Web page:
The incidents have occurred primarily in small towns where “increasing poverty and widespread unemployment” causes people to turn to “charletons and quacks,” sometimes excavating directly under their own houses, causing them to collapse, Aksalser reported, calling for a campaign of more awareness.
In an interview with Iran News Network, social researcher Dr. Mona Obamishamh, repoerted that “a lot of quacks can brainwash ordinary people and manage to make them sacrifice one of their children, or to abduct a child, to be offered to the Jinn, so the rest of the family can become rich.”
Kidnapping children is also practiced there a form of familial revenge in this area, but the heinous practice harkens back to the persistence of a belief in the Curse of the Pharaohs, and its use by religious tricksters who promise both protection and a successful excavation.
According to religious scholars, ancient Egyptians believed in the afterlife and thus kept their treasures beside their corpses for future use. Tombs were built with with secret doors to prevent looting, and the curse of Pharaohs, may have been created as another preventative measure, said to cause a death and disease for anyone decided to disturb the Mummies.
Occasionally people have died after entering the tombs, strengthening this legend. When Howard Carter discovered Tutankhamun’s tomb in the Valley of the Kings (Luxor) in 1922, many of his team members subsequently had accidents. Although scientific opinion has written these events off to bacteria, radiation and coincidence, in Egypt the belief resists inoculation.
A typical team of antiquities hunters is led by a magician or swindler, such as Mahmoud’s ‘Sheikh,’ who convinces the property owner and the person who is responsible for funding that he has communicated with the demons who protect the tomb; and that they have given him permission to open the tomb and take its contents.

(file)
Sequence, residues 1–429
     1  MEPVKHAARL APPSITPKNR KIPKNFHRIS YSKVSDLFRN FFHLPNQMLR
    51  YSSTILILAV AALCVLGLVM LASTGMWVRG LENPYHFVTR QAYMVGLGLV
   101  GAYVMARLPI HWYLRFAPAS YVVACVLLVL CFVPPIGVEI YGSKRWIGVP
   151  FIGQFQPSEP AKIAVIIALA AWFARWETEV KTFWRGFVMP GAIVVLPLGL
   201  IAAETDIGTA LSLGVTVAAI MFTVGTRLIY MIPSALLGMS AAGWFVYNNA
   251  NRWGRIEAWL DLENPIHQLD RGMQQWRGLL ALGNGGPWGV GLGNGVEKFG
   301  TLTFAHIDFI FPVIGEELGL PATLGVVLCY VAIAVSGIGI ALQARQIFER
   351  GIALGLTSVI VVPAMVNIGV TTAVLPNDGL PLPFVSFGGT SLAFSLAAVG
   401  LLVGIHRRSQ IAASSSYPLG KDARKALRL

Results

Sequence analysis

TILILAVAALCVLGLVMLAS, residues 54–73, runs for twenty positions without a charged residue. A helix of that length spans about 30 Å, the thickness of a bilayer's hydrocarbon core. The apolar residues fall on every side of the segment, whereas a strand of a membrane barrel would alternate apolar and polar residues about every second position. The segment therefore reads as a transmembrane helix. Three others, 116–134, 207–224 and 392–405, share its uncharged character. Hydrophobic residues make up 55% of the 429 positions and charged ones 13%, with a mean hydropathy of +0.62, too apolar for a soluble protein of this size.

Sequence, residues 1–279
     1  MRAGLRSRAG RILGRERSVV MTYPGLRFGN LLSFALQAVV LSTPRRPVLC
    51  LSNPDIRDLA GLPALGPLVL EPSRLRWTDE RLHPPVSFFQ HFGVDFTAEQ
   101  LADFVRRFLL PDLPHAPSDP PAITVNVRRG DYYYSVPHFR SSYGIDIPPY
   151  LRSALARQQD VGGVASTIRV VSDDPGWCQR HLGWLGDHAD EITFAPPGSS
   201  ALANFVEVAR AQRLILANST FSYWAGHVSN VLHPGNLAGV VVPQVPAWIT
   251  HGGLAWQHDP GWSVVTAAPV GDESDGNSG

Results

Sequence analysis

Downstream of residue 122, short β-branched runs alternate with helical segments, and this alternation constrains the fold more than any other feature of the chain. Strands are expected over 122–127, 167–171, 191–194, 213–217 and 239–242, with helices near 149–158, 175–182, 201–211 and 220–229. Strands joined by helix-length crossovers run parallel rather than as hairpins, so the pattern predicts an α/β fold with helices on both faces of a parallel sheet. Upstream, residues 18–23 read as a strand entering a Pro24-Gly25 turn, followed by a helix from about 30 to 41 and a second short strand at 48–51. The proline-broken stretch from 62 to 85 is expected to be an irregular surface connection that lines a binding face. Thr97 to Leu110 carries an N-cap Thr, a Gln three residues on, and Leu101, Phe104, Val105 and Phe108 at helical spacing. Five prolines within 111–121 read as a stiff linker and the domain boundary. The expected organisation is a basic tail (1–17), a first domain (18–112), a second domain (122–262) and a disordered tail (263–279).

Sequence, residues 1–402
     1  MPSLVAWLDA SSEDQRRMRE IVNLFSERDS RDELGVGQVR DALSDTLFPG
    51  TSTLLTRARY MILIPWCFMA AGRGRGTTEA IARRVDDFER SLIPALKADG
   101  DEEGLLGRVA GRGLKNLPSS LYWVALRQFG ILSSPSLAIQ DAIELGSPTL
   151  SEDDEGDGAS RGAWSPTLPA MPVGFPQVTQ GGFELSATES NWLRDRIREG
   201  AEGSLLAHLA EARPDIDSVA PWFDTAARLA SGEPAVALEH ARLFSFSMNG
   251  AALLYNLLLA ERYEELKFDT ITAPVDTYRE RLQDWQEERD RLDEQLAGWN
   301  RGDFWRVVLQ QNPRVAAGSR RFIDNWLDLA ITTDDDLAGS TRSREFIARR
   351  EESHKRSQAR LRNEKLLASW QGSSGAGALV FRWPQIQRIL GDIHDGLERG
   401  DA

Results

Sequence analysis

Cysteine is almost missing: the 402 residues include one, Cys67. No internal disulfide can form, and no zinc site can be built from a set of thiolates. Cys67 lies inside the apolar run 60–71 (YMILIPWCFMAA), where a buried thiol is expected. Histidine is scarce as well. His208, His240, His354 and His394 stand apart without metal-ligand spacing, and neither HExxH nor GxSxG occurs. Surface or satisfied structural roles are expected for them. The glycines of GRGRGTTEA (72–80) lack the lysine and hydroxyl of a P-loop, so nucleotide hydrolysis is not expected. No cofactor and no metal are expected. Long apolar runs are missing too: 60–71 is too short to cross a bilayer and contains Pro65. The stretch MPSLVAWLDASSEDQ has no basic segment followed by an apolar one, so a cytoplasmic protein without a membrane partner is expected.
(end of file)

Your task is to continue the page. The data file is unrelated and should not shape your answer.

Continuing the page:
The magician may threaten all related persons that he will harm them if they tried to cheat or take any steps without his permission, my police contact said.
Digging for antiquities can also be dangerous in other ways. Some workers digging underground have died or been killed by others in a fight over the loot.
But for Egyptians are ready to sell the history of their country in hopes of an easy fortune the price is worth it.
“I won’t give up looking for the treasure, even if I spent all my life and lost all my money”, Mahmoud said.
But during the conversation, he also wondered what, if anything, the police would pay if he gave up the site’s location. As always in the business of excavating sacred relics, a toxic combination of mysticism and hope make it impossible to identify what is real.
The trade in authentic antiquities has given rise to fraudulent offshoots, as well as sacrificial victims. Hustlers throughout Egypt now sell fake pieces of antiques at high prices. A famous SMS message sent from unknown persons has even spread throughout the country, telling the recipient that they found a treasure and want an honest person who can help with selling it.
In a new take on the Pharoah’s Curse, the buyer winds up with a piece of a monument, one to man’s greed, cruelty and folly.